Favourite out of mayoral run
The woman everyone expected to be Vancouver's next mayor has declined
the job. True, provincial Finance Minister Carole Taylor had never even announced that she was running for the position - not officially, anyway. But her decision last week that she would not run for City Hall nevertheless came as a blow to her legion of supporters.
A simple announcement two months ago that the high-flying former beauty queen and broadcaster was dropping out of provincial politics sparked rumours she was gunning for Mayor Sam Sullivan's job. She wouldn't confirm or deny, and her comments at the time that she was focused on delivering the provincial budget on February 19 only fuelled speculation.
It quickly became clear that Ms Taylor was thinking seriously of entering the race. In a dig at Mr Sullivan, she said she was aware of a 'great dissatisfaction for one reason or another' because so many different groups and people were urging her to run.
Ms Taylor certainly has the pedigree. She is married to Art Phillips, himself a former mayor of Vancouver and the political mentor of a subsequent mayor, Gordon Campbell. Mr Campbell went on to become Ms Taylor's boss as British Columbia's premier.
Before all the hype about the mayoralty, there had been talk that Ms Taylor was interested in the premier's job. But Mr Campbell made clear that he intends to stay on until the Winter Olympics in 2010.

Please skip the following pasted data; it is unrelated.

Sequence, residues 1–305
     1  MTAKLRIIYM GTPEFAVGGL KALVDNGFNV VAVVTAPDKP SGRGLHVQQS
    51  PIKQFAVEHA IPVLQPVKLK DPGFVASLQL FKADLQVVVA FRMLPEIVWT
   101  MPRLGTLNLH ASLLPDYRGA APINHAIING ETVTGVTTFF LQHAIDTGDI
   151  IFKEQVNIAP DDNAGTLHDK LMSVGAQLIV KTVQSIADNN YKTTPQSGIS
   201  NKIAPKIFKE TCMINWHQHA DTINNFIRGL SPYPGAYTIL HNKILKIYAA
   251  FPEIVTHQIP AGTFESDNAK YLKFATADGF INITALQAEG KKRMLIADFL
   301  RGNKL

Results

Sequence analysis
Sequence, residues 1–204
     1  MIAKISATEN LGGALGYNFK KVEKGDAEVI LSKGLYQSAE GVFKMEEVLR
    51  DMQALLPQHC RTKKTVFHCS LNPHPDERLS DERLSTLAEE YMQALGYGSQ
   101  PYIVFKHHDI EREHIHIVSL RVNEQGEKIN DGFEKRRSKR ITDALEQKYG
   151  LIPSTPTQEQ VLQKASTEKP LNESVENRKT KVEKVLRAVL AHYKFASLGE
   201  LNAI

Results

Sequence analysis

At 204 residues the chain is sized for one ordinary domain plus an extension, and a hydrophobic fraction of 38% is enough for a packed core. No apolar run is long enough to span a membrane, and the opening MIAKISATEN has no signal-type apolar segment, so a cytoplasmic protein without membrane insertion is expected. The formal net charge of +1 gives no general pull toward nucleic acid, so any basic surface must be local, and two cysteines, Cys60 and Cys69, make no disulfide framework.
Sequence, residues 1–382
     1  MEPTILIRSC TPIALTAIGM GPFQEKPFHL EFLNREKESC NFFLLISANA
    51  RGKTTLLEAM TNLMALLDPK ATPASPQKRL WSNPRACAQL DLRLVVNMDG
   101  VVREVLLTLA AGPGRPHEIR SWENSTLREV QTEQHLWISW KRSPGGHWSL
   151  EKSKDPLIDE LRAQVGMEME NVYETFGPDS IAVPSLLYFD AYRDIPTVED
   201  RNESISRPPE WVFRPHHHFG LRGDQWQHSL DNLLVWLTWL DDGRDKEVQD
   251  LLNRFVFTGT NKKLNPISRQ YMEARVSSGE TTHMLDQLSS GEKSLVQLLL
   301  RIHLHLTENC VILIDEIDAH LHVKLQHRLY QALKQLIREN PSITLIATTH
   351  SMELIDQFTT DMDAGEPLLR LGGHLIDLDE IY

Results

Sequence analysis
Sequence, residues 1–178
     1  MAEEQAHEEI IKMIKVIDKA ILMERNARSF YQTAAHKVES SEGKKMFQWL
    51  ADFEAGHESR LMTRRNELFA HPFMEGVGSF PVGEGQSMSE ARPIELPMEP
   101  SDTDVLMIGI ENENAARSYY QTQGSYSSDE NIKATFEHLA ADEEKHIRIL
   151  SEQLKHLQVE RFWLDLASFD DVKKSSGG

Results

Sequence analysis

All the stars seemed to be aligned for Ms Taylor to run for mayor of the province's biggest city. She is riding a crest of popularity based on the widespread impression that she can accomplish pretty much anything to which she sets her mind.
In her first term in provincial politics, she was handed the coveted finance portfolio, and high resource prices have helped her accomplish impressive budgetary surpluses. She also dangled those surpluses as bonuses for public servants - from nurses to teachers - if they in return guaranteed industrial harmony in the run-up to the Olympics.
Ms Taylor had goodwill and powerful backing, from the financial community, and from the political left and right. What she didn't have was the right timing.
With a provincial budget to deliver, she would not have been able to begin campaigning for mayor until May. With the municipal election in November, that was cutting things too fine.
Her decision not to run has Vancouver's opposition left wing scrambling to find common ground on a candidate, after it split last election into two parties, Vision Vancouver and the Coalition of Progressive Electors (Cope).
'We have to find a way to work for the interest of this city,' said Cope councillor David Cadman. 'I'm urging Vision to take this opportunity. Together we can win. Divided we cannot.'
But Vision councillor Raymond Louie - who could be a mayoral candidate himself - said his party had a large membership base and no need to join Cope.
All of which places the incumbent in a very comfortable position. In politics, timing is everything - and for Mr Sullivan, favour falls on his side for now.
Tomorrow: New York